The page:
Test results: No new toxins in algae blooms

Posted at 6:04 PM, May 31, 2016
and last updated 2016-06-03 16:46:41-04


UPDATE: The Florida Department of Environmental Protection has released results from tests performed on the algae blooms that have been spreading in the St. Lucie River.

The DEP says no new toxins have been detected at any of the 3 test sites sampled in the St. Lucie River on May 31.

The last time anything toxic was detected in a sample was May 23 near Port Mayaca.

The Martin County Health Department says even though none of the most recent samples came back toxic, they still warn people interacting with the water to use caution.


Jim Harter knows a thing or two about fishing the St. Lucie Estuary.

“Where my house sits used to be a place called the Sailfish Lodge.  Built in 1921, people used to come from all over the world to fish out of there," said Harter Tuesday as he pulled his boat onto the St. Lucie River.

This long time fisherman, says discharges from Lake Okeechobee, have been happening a long time.  As he makes his way out near the Veterans Memorial Bridge, there are large neon blue-green algae blooms, in places Harter says oysters used to thrive.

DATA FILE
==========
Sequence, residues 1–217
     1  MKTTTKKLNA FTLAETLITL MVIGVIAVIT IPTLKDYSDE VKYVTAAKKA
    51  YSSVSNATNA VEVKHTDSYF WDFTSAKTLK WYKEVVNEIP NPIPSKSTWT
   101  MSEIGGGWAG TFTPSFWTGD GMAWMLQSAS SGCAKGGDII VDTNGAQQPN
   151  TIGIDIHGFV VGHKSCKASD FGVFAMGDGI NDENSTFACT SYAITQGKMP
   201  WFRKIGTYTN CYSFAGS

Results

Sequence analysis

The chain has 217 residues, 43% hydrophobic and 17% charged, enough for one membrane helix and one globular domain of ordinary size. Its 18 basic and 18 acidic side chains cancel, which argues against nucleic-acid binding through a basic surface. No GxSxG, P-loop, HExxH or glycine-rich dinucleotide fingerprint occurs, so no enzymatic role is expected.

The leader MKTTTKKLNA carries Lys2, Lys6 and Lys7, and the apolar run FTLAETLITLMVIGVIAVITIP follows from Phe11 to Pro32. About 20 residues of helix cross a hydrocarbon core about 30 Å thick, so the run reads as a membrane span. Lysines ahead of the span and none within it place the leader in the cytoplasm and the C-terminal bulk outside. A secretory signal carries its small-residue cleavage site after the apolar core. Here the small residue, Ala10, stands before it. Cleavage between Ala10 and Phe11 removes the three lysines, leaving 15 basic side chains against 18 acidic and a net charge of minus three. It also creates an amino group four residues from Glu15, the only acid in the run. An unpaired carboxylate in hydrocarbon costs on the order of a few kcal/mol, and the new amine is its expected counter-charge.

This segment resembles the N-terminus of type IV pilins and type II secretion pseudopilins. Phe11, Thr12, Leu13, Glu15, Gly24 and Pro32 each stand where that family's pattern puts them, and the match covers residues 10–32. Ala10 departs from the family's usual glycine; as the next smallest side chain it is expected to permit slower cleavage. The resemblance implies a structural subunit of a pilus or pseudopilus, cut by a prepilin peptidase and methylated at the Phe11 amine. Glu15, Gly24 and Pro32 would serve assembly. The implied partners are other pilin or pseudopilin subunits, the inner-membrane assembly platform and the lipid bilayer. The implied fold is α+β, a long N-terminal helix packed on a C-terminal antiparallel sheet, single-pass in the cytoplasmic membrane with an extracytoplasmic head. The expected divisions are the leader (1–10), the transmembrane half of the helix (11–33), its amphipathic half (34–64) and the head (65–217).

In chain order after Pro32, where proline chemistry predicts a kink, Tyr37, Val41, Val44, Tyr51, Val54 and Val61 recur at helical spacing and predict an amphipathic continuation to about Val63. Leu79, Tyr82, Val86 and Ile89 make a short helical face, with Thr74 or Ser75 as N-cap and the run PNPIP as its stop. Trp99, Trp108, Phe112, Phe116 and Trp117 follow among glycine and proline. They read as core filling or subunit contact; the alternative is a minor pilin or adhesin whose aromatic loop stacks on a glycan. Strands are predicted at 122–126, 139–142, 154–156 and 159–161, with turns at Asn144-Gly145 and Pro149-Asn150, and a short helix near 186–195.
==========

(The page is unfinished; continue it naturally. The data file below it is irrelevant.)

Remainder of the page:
“In the morning when there’s no wave action, the algae will raise to the surface," said Harter.        

Harter says he’s frustrated by what he sees, “I don’t sleep at night.  It’s disgusting.  My passion in life is to be on the water and when they take it away from you, it’s disheartening."

Tuesday, Governor Rick Scott was in West Palm Beach to sign a bill for the “Legacy Florida” initiative, designed to provide money to restore the Everglades.  He was asked about the recent algae blooms.

“DEP and the Department of Health, they’re testing to make sure all our citizens and all our visitors are safe.  We’ll be doing that all this week and we’ll be doing whatever we can to figure this out," said the Governor.

The fear for Harter, is we’ll see a rerun of what happened a few years ago.

“2013 was a lost summer and it looks like its going to be the same.”

The Department of Environmental Protection will test wherever it spots algae, like the St. Lucie Lock, and the area where the North and South forks of the St. Lucie River meet.  One of the most prominent places for algae this week has been at Shepard's Park in Stuart.